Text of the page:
In contrast, our company has to pay attention to Newton and treat it right or our company would suffer. Newton is just one of four papers we own in a tight area of south central Kansas.
That is the biggest difference between local ownership and corporate ownership. The community matters to the local guy. Not so much for the hedge fund managers who look at only profits.
This impacts people more than you think. Newspapers aren’t just like any business in town. If the local hardware store is sold to a big company, you still have a comparable hardware store even if the brands change and the customer service is different. You can still buy a hammer if you need one.
When the local newspaper is sold, the only source for watch dog journalism and informed editorials is in peril. There isn’t always someone left to go to that meeting.
The amount of reporters in the field goes down, and the amount of local control goes away.
This got me fired up recently when I read that the owners of Morris Communications, which owns newspapers all over the country, dictated to every paper they would run an endorsement for Donald Trump in their papers, whether they wanted to or not.
Morris owns the Topeka Capital-Journal in my home state. They lost a member of their local editorial board due to this decision. Many of the readers of the Cap-Journal won’t know the owners required the editorial to run but will take the opinion of what should be one of the most informed groups of people in the community to heart.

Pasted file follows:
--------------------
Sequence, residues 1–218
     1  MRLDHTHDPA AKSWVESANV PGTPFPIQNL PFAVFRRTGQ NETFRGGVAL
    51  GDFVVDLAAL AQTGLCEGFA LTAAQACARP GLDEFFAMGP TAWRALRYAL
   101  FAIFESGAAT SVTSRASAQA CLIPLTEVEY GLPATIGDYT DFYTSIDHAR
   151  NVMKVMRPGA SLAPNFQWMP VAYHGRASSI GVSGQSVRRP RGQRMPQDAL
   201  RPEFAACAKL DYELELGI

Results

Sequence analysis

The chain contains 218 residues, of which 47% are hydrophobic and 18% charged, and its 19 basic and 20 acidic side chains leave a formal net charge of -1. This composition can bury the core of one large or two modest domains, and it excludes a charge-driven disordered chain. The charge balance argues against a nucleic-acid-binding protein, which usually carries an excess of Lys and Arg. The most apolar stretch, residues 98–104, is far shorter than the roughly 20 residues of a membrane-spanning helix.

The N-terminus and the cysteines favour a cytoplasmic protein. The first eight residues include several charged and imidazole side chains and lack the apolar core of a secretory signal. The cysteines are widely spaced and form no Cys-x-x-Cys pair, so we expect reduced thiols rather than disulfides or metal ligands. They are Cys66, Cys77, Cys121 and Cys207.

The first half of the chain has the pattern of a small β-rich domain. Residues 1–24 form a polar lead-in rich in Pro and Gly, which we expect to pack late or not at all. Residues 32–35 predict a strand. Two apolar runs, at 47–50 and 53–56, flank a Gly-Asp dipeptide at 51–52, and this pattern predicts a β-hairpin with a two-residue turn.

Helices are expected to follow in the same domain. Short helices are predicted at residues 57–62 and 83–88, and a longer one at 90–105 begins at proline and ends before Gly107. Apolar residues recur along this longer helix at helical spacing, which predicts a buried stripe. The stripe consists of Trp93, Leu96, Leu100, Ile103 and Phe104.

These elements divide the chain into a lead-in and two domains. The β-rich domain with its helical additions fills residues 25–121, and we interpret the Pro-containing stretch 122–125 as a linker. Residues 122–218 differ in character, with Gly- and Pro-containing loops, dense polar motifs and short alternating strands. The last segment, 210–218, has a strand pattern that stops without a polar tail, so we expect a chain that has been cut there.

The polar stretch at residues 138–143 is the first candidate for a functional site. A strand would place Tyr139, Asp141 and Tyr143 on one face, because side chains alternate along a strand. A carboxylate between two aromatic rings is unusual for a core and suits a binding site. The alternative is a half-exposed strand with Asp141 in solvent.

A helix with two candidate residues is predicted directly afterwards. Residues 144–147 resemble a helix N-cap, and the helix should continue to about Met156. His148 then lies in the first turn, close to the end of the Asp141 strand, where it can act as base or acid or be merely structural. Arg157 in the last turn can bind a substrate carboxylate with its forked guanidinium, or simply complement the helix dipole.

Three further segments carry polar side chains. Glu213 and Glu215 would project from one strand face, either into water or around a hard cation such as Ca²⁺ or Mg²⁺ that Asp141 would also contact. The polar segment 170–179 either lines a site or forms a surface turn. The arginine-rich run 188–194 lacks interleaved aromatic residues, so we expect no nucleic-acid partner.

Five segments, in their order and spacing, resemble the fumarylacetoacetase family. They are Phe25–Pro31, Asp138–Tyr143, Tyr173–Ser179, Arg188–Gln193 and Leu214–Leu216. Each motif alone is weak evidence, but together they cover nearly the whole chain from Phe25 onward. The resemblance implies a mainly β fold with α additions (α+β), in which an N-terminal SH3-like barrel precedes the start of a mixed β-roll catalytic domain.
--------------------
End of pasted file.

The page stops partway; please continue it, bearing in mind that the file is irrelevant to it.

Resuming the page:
It is worse in Newton, where Gatehouse doesn’t want newspapers to write local editorials at all, instead having them write big thank yous and “five things to do this weekend” type stuff.
Even if they could write local editorials, they don’t have time to as they are required to tweet a certain amount of times and do a certain number of videos to keep their jobs; that is on top of the important job of getting the paper out.
We compete with Gatehouse in Newton, and we genuinely feel bad for their employees. They look beaten down.
There aren’t a lot of companies like ours, though. It was risky to take on an establishment newspaper like we did. My wife and I don’t have kids, and we were open and honest with the employees we hired in Newton, letting them know that there might not be a tomorrow, so you have to fight like there won’t be for us to make this work. There were no guarantees in what we were doing.
Unfortunately, there are guarantees that when most locally owned newspapers are sold to giant companies, the quality of those papers and the journalism in them will go down. My friends in Hutchinson have no idea what they had until it is gone.
The poison of journalism is the lack of quality, local ownership. If anything kills journalism, it will be that. The only way to stave off this death is local ownership refusing to sell to these corporate guys or more small companies willing to compete.
If you are reading this and you are the latter, call me or e-mail me. I will be happy to help with your game plan. We have to stick together in this fight. I know the power of the press is real and worth fighting for. I hope more people feel that way, too.
Study done by the University of North Carolina on the state of corporate ownership of newspapers.